In the center of the Botetourt Gallery at the Swem Library of William & Mary stands a curious statue, one that time and torment has rendered barely recognizable as the figure of Norborne Berkeley, Baron de Botetourt, one of the last royal governors of Colonial Virginia. The inscriptions on its sides capture the laudatory views of his contemporaries just as the revolutionary crisis began to grip Williamsburg’s residents, recalling their hopes that he would “restore Tranquility and happiness to this Extensive continent.” They also extoll his “many public and Social virtues, which so eminently Adorned his illustrious character” and hoped that they “might Be transmitted to latest posterity.”[i] The authors of the inscriptions need not have worried, for posterity has retained their celebratory view of the man who spent such a brief time among them.
The view of Botetourt that predominates today is little different from that anyone on Duke of Gloucester Street would have heard 237 years ago: He was the genial champion of colonial rights whose death was so much lamented by Virginians that they commissioned the statue and placed it right in the center of the Capitol building as a reminder to themselves, and to his decidedly uncongenial successor, Lord Dunmore, about what a royal governor should be. As William Nelson reported to Botetourt’s nephew, the duke of Beaufort, “We think we may venture to say that never was a loss more universally lamented; so large a share had his Lordship, by his many endearing Qualities, gain’d of the affections of all Ranks of people,” a statement that more or less sums up the view accepted by historians ever since, from Edmund Randolph’s early nineteenth-century History of Virginia, to Emory Evans’ work about Virginia’s political elite, published just a few years ago.[ii]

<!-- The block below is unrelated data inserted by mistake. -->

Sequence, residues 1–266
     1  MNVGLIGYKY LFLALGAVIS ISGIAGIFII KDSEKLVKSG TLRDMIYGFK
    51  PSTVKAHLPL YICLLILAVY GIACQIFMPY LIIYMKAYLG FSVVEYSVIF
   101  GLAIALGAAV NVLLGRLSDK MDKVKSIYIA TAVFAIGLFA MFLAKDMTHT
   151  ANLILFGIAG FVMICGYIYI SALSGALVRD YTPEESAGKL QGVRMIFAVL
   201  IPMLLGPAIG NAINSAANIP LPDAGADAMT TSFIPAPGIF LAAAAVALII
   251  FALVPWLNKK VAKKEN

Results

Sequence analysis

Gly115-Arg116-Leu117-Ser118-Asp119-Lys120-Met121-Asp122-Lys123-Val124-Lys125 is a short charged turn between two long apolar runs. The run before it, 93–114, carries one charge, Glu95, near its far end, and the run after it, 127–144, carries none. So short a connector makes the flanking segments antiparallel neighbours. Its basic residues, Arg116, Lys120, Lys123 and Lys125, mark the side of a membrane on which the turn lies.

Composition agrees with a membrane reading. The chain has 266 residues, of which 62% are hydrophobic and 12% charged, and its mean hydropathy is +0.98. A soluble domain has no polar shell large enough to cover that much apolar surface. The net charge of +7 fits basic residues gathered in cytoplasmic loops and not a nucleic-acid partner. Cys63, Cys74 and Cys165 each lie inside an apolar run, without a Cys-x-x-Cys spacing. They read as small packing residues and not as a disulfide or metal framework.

A much different Botetourt has emerged from recent research, however, one that paints a new picture of him that goes beyond the confines of Williamsburg to speak volumes about the myriad ways in which the relationships of the American colonies with Britain were changing in the 1760s and 1770s. Botetourt turns out to have been much more interesting, and much more sinister, than his contemporaries allowed and historians have made him out to be. He got away with appearing to be different things to different people on both sides of the Atlantic, informing Virginia patriots, in a telling example, that he was working hard to defend their rights in London at precisely the same time he was calling on the British government to crush them.
In England, Botetourt’s slipperiness was well known by the time he was appointed Virginia’s governor in 1768, displacing the well-respected Jeffrey Amherst and causing a significant social and political kerfuffle in metropolitan circles. Amherst resigned from the army in protest and the famous English political polemicist known as “Junius” criticized Botetourt’s appointment in one of his famous letters, castigating the new governor as “a cringing, bowing, fawning, sword-bearing courtier, who had ruined himself by an enterprise which would have ruined thousands had it succeeded.”[iii] Junius recalled Botetourt’s political shift from a staunch supporter of the parliamentary opposition to the British ministry, when he was known merely as Norborne Berkeley, to attacking the opposition as a supporter of the government after the approval in 1764 of his claim to a peerage–the Barony de Botetourt–that had been in abeyance since 1406.[iv] Seeing Botetourt shortly after his appointment to the Virginia post, Horace Walpole, one of the eighteenth century’s keenest observers of London politics and people, described him as “a Court favourite, yet ruined in fortune” who, invoking Shakespeare’s Twelfth Night, appeared “like patience on a monument, smiling in grief.”[v] Walpole understood that “the disquiets in America” required leaders of sense to calm them, especially in Virginia, which “though not the most mutinous, contains the best heads and the principal boutefeux.”[vi] He highly doubted that Botetourt, whose genial countenance he thought little more than a screen behind which lay a dangerous blend of avarice and poor judgment, was the right man for the job. Walpole observed, with characteristic perspicacity, that “To Virginia he cannot be indifferent: he must turn their heads somehow or other. If his graces do not captivate them, he will enrage them to fury; for I take all his douceur to be enamelled on iron.”[vii] One of the royal princesses agreed, telling a friend a day after the appointment that she “does not approve of sending Lord Botetourt to Virginia; She fears he is not equal to the undertaking.”[viii] Botetourt had enough support in London, however, for him to be on a ship headed to the Chesapeake within three weeks of his initial nomination for the office.